PHG 200 - Public Health Genomics: Implications for the Modern World

Course Description 

Meets undergraduate General Education "Areas of Knowledge" course requirement for "Individuals & Society" and "The Natural World". No prerequisites.

Have you wondered if your destiny is written in the stars or your genes? Occupy the Human Genome: Do you trust private companies with your genetic information? A man in Tennessee got a lighter sentence after a brutal murder because he had a Violence Gene: Can your genes "make you do it"?

In this course, we will be learning and discussing how genetic developments are actively changing the world around us and how genes and genetics continue to fascinate, connect and divide human society. The course surveys compelling genetic and social issues emerging in the wake of the Human Genome Project. For example, many fresh genomic applications have ethical, societal, political and legal dimensions that are only just beginning to be appreciated. This course will develop students’ ability to analyze these dimensions, and to evaluate new genetic technologies that are currently being developed in the marketplace. We’ll use perspectives from public health, clinical medicine, anthropology, law, ethics, and social sciences to investigate the hopes and hype presented by genomics.  In weekly discussion sections, students will review, discuss, and go more into depth into the ethical, legal, social, and scientific issues brought up in readings and lectures.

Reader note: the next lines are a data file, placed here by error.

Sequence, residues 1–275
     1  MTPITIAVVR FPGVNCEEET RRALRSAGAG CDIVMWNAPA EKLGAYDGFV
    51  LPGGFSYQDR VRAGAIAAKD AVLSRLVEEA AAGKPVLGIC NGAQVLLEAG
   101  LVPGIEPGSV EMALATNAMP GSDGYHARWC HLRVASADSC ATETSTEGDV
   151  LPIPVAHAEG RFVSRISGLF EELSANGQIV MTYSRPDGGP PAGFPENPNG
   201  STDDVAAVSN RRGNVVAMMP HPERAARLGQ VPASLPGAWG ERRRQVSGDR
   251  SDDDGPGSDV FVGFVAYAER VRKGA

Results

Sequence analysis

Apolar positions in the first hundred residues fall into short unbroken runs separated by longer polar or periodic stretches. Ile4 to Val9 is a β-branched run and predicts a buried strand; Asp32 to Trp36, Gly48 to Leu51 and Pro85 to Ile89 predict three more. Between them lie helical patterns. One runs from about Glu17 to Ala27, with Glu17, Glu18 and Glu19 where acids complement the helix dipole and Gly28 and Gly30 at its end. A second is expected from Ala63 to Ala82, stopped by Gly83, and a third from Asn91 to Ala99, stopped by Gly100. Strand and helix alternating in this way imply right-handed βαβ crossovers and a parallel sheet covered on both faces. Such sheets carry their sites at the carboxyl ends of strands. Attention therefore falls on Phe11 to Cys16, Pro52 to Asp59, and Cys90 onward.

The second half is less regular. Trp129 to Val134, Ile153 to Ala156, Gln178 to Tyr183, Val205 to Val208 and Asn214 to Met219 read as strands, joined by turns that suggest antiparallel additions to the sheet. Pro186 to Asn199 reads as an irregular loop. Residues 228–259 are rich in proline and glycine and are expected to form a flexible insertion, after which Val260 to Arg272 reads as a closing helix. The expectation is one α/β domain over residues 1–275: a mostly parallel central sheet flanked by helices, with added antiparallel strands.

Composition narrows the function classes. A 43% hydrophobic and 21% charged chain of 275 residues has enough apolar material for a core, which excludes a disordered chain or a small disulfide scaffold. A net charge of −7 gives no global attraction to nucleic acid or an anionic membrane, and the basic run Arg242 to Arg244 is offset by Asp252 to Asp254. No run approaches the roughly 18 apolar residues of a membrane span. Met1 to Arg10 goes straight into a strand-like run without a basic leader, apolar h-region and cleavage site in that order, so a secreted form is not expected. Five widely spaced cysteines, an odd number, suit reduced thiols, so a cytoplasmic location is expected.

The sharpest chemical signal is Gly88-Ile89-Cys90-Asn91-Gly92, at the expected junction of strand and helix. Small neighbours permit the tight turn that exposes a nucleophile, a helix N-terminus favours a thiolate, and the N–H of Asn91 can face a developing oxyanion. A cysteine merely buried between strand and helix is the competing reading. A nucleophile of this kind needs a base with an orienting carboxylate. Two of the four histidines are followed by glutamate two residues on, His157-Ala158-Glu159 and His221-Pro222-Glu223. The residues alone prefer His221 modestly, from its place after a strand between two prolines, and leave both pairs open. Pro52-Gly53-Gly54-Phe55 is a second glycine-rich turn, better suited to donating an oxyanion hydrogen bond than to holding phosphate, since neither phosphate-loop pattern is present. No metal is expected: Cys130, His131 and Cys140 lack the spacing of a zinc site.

Course Objectives 

By the end of the course each student should be able to:

  • Define and interpret the fundamental underpinnings of genetics and genomics
  • Describe the relationship and impacts of genomics on public health
  • Identify risks and benefits of genomic innovations
  • Evaluate the public health, clinical, and social utility of genomic innovations
  • Critically analyze media presentations that present genetic science and its applications

Quarter(s) Offered 

Autumn

Credits 

3-5